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5 Activities to Spice Up Your Next Scrum Sprint Review

The Sprint Review meeting is one of the Product Owner’s most important events. As discussed in a recent article Making the Most of the Sprint Review, it’s an opportunity for the Scrum Team and stakeholders to inspect what was delivered, discuss the progress made towards the Product Goal, and adapt accordingly.

But even the most important events can become a little stale over time. Here are five ideas to spice up your Sprint Review meeting.

Audience polls

To help keep your stakeholders engaged during the Sprint review meeting, use a poll to see how you’re doing. For example, during the demonstration portion of the Sprint Review event, vote for each feature you demoed. The poll can ask stakeholders to give each feature a score of 1-5. Alternatively, ask trivia questions related to your product or Market.

If you use a tool such as Zoom or Webex, these meeting platforms have built-in tools to create polls that the organizer can open and present to participants on demand. This option is the most seamless because participants do not need to minimize the meeting screen to participate in the poll. Alternatively, you can create an online survey using a tool such as SurveyMonkey, providing participants with a link during the event. Finally, offers a polling tool that allows participants to text message their answers to the platform during the meeting. The meeting organizer can then share the results live during the Sprint Review.

Gather sentiments

At the end of the Sprint Review meeting, ask participants to share their sentiments about the Sprint Review meeting. They can choose a happy, neutral or sad face and then explain their selection. If you are using Zoom, Webex or Microsoft Teams, you can execute this exercise using the platform’s whiteboard. Alternatively, you can use a third-party shared whiteboard tool such as Mural or make it even simpler by having participants engage using a shared, easy to use platform.

Rotate presenters

An essential part of the Sprint Review is demonstrating the working increment that the team created during the previous Sprint. But this presentation doesn’t have to be in the Product Owner’s hands alone. Many Scrum Teams opt to have the Developers run the demonstration portion of the Sprint Review. Doing so keeps the meeting feeling fresh for stakeholders and is also an opportunity for the Developers to participate in stakeholder engagement. Individual developers might want to take turns speaking to the features created for the product during this portion of the meeting.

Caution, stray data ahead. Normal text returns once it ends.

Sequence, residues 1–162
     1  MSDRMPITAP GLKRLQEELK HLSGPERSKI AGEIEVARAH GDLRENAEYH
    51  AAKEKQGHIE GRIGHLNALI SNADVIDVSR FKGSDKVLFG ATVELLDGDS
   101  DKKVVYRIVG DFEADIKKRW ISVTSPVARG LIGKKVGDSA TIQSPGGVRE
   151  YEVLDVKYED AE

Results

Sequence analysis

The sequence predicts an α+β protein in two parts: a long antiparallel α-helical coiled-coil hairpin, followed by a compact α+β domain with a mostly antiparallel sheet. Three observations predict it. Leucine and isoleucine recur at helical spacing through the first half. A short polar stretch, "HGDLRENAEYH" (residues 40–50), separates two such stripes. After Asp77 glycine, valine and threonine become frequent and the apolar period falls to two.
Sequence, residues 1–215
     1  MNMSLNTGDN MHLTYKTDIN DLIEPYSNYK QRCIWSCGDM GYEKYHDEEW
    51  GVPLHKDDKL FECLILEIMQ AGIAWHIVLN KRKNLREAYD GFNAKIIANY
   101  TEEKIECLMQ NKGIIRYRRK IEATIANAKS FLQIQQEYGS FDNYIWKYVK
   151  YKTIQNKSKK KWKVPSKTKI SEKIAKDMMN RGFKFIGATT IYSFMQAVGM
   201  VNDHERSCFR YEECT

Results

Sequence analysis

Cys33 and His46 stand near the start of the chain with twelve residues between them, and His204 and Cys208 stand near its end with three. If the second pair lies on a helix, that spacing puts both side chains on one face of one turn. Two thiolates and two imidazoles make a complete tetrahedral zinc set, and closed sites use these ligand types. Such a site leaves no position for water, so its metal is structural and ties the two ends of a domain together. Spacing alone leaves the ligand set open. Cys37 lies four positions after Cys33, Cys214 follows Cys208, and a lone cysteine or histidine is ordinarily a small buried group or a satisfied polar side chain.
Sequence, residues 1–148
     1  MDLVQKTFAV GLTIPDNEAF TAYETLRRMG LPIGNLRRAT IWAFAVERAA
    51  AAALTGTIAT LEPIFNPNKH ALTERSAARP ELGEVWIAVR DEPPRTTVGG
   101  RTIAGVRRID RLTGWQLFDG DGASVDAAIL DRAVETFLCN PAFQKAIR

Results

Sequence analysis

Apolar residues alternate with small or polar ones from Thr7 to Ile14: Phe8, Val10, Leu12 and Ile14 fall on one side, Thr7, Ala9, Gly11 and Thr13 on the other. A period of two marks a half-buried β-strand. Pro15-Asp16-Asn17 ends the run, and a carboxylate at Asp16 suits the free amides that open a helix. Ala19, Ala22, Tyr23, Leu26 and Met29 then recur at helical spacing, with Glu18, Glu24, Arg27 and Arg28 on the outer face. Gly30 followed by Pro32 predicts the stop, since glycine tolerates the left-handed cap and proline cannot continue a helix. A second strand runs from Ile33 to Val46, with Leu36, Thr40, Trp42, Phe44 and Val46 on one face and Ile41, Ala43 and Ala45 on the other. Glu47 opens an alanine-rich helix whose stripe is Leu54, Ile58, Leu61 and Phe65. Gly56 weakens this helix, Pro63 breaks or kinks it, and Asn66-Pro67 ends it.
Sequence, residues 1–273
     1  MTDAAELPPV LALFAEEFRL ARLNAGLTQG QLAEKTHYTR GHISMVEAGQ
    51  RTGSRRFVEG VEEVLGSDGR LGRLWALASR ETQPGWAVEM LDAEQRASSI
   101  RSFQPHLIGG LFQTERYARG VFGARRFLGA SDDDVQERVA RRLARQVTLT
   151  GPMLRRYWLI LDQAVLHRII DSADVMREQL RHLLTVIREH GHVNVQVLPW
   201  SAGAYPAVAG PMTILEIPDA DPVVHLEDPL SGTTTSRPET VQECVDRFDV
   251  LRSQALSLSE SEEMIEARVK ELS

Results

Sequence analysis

Order the Product Backlog using audience participation

The Sprint Review meeting is an opportunity for the entire Scrum Team and its stakeholders to collaborate on what to do next. One engaging way to do that is by conducting a facilitated discussion to gather feedback on the Product Backlog ordering. For example, one of my favorite games to use is Buy a Feature, which you can find a description for at How to play the ‘Buy a feature’ design game - UXM (

To prepare for the game, the Product Owner prepares a list of the features which he/she would like the participants to provide input on. This list can include potential features, upgrades, technical debt, or other types of work that could contribute to the product. Each item has a dollar value assigned to it which can either be based on a rough point estimate which provides relative (but not necessarily accurate) costs, or the facilitator may decide to make all prices equal. Remember, the goal of the game is to get information about ordering the backlog; not to get into a debate about how much each feature should cost.

Next, participants are invited to the game, and each is given a certain amount of money with which to “buy” features. I recommend that participants only be given enough money to purchase about half the features or 2/3s of the features, since this will encourage them to really think about their purchases. Participants then “purchase” the features which they are most interested in.

There are several options for conducting this activity in a remote setting. The easiest is to ask participants to provide their feedback via a chat tool. Alternatively, you could create a shared whiteboard in Zoom, Webex or Microsoft Teams, asking participants to place their purchase amounts beside each feature. Another option would be to create a shared spreadsheet listing the features on rows and creating a column for each participant to divide their funds among the available features.

Bring in a guest speaker

A critical part of the Sprint Review is to evaluate market changes. Bring in a guest speaker to provide insight into key market trends and then brainstorm product features that respond to the forecasted changes.


Maintaining high levels of engagement at the Sprint Review can be challenging, especially in a remote environment. The above five activities can spice things up a bit, but the options are only limited to your creativity. Share your ideas for a more engaging Sprint Review meeting in the comments!

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1 Comment

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